In January, Niagara University celebrated the two-year anniversary of its permanent location in Vaughan, Ontario, a collaboration that has strengthened Niagara’s binational presence, given students and alumni a place to call their Niagara University home, and continued the 37-year legacy of Niagara alumni who take on levels of leadership across all professions in Canada.

“Two years ago, Niagara University became a permanent part of the Vaughan community,” said the Rev. James Maher, C.M., Niagara University president. “This partnership enables us to better serve the students who will become Ontario’s future teachers, educational and business leaders, as well as create seamless pathways for students to complete master’s degrees in critical industries of growth regionally and nationally. The continuing collaboration with Mayor Bevilacqua and the City of Vaughan has reinforced our commitment to build and sustain our cross-border community; to support a new generation of compassionate, dedicated, and successful graduates; and to become the premier binational university within the Province of Ontario.”

Initially offering Bachelor of Professional Studies and Master of Science in Educational Leadership programs, course offerings were expanded in fall 2020 with the addition of master’s degree programs in business administration, finance, and information security and digital forensics, areas that align with the opportunities that are available regionally and nationally. 

To provide comprehensive and seamless pathways into these programs, which were established with consent from the Ontario Ministry of Colleges and Universities, partnerships with 10 area colleges were created, enabling students who complete certain degree programs to easily transfer their credits. Niagara is also continuing to expand its reach as, earlier this month, it received approval from the Ontario Ministry of Education to accept international students in the province. 

In alignment with its mission, Niagara University’s Vaughan site introduced a speaker series to address critical community issues of social injustice and inequality, offering 15 presentations on a variety of topics. The university also hosted a webinar addressing why women remain dramatically under-represented at the top of corporate Canada and what can be done about it. The event celebrated the launching of the book “The Invisible Rules: What’s really holding women back in business and how to fix it,” authored by Dr. Paul Harrietha, chair of Niagara University in Ontario’s board of advisors, and Dr. Holly Catalfamo, adjunct professor in Niagara’s doctoral program in leadership and policy. It featured a panel of female leaders that included Christine Magee, co-founder and executive chair of Sleep Country Canada; Michelle Banik, corporate director and former chief people officer at OMERS; Zabeen Hirji, executive advisor at Deloitte and former CHRO of Royal Bank; and Diana Isaac, partner at Shulman and Partners, LLP.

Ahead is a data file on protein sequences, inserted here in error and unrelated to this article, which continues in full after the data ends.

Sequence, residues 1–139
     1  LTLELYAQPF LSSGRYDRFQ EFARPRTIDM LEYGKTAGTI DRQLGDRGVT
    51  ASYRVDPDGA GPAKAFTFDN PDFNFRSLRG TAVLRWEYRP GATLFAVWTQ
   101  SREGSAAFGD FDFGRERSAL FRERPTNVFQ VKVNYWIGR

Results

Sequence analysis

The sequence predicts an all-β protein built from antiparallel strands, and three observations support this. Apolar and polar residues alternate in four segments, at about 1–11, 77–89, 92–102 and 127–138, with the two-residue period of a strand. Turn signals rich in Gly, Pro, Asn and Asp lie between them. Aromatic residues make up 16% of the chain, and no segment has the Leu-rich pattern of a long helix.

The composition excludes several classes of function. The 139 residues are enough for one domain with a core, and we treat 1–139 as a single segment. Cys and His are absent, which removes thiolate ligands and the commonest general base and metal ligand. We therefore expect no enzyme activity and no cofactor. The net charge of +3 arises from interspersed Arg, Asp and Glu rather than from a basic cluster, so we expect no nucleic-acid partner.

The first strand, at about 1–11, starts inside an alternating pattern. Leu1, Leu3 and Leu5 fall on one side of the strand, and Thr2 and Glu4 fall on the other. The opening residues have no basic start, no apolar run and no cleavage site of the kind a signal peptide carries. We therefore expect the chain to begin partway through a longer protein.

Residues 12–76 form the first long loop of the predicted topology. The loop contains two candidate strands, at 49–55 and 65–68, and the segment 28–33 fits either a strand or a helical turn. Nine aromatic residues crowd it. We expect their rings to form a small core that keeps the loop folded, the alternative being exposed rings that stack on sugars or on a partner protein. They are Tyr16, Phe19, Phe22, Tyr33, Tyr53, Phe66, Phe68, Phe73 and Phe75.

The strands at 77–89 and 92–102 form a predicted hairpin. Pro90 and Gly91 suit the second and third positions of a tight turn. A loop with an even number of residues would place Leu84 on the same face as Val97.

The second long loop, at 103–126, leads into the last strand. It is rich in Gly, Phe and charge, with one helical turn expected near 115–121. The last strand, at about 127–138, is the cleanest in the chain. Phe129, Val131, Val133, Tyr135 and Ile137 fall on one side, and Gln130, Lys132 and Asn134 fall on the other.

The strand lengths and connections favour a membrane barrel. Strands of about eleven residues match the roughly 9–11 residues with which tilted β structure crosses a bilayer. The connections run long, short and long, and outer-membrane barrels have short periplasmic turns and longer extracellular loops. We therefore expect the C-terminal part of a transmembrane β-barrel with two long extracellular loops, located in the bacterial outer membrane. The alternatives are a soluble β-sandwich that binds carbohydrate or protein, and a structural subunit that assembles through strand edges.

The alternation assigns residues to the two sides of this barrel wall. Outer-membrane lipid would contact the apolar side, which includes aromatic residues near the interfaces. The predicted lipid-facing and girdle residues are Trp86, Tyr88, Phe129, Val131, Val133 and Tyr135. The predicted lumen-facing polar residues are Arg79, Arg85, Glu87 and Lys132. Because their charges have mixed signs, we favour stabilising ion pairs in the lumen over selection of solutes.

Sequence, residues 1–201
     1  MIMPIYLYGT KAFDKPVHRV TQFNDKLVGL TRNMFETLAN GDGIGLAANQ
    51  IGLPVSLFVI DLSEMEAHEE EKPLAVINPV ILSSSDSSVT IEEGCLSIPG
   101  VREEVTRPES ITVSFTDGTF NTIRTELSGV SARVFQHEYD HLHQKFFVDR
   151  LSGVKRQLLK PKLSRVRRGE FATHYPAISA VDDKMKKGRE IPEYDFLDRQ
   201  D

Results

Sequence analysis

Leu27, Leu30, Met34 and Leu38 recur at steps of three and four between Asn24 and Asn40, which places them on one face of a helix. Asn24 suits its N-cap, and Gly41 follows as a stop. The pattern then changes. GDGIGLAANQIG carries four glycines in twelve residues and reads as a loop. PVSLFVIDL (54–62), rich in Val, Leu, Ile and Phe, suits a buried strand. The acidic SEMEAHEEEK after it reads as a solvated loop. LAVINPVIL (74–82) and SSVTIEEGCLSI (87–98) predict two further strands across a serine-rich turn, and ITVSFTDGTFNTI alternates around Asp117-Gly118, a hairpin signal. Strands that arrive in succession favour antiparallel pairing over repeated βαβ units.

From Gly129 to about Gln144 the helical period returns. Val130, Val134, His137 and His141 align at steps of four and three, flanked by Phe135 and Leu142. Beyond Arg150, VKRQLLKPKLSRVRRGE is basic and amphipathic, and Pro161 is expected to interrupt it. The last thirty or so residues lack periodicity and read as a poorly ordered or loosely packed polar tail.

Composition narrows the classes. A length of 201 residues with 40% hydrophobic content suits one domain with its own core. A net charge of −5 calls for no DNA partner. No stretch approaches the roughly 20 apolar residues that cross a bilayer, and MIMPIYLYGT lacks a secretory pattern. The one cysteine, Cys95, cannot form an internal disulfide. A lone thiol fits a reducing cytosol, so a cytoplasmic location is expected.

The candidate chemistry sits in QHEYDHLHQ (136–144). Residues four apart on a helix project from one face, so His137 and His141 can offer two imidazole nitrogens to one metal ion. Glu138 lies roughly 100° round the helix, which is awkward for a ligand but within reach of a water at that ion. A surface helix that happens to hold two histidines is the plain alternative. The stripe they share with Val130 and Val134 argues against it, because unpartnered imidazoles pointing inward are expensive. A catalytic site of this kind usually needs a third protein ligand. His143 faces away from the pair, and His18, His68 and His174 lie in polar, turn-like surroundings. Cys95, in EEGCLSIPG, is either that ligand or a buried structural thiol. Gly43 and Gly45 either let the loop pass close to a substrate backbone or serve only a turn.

Niagara’s location on the No. 13-Toronto Purchase Treaty Lands, the Territory of the Mississaugas of the Credit First Nation, and Traditional Territory of the Huron-Wendat and Haudenosaunee has presented opportunities to collaborate with its Indigenous neighbors to host events like the Ontario Indigenous Education Series, six virtual workshops for educators presented through a variety of Indigenous voices. 

Niagara’s influence in the Ontario region is also strengthened through its partnership with the Vaughan Chamber of Commerce. In addition to co-sponsoring events like the Women to Women Symposium, the university is actively involved with the chamber to provide experiential opportunities for its students, as well as support the local business community.

“An area of focus at Niagara University is to build partnerships and to identify and develop sustainable programs that meet the needs of our community,” said Dr. Vince Rinaldo, vice president, Ontario Administration. “I look forward to continuing to work with the City of Vaughan to develop opportunities that make a positive contribution to the economic development of the city and that positively impact or influence the lives of families in Vaughan.”

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